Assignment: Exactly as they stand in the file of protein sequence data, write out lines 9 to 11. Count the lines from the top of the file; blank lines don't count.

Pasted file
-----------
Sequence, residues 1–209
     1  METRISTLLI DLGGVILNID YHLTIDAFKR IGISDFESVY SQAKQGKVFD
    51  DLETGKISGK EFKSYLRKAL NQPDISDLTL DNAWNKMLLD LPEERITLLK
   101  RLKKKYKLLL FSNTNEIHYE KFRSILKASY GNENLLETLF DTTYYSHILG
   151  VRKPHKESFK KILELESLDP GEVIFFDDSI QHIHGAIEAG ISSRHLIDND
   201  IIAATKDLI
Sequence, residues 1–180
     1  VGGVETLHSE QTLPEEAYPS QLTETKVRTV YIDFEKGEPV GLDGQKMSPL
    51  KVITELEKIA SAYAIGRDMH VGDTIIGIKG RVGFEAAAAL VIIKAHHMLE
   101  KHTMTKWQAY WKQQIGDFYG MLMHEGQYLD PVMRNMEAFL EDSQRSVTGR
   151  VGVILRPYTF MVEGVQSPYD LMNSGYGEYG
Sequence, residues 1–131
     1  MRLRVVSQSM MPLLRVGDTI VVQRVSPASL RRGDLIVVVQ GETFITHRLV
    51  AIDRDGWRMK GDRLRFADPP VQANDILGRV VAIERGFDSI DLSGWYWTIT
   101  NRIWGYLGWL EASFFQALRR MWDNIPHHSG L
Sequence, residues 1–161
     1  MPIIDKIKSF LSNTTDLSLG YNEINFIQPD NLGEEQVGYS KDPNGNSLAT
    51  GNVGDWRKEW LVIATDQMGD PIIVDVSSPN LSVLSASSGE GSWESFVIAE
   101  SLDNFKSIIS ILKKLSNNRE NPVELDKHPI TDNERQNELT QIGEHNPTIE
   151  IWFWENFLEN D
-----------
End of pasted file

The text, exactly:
    51  KVITELEKIA SAYAIGRDMH VGDTIIGIKG RVGFEAAAAL VIIKAHHMLE
   101  KHTMTKWQAY WKQQIGDFYG MLMHEGQYLD PVMRNMEAFL EDSQRSVTGR
   151  VGVILRPYTF MVEGVQSPYD LMNSGYGEYG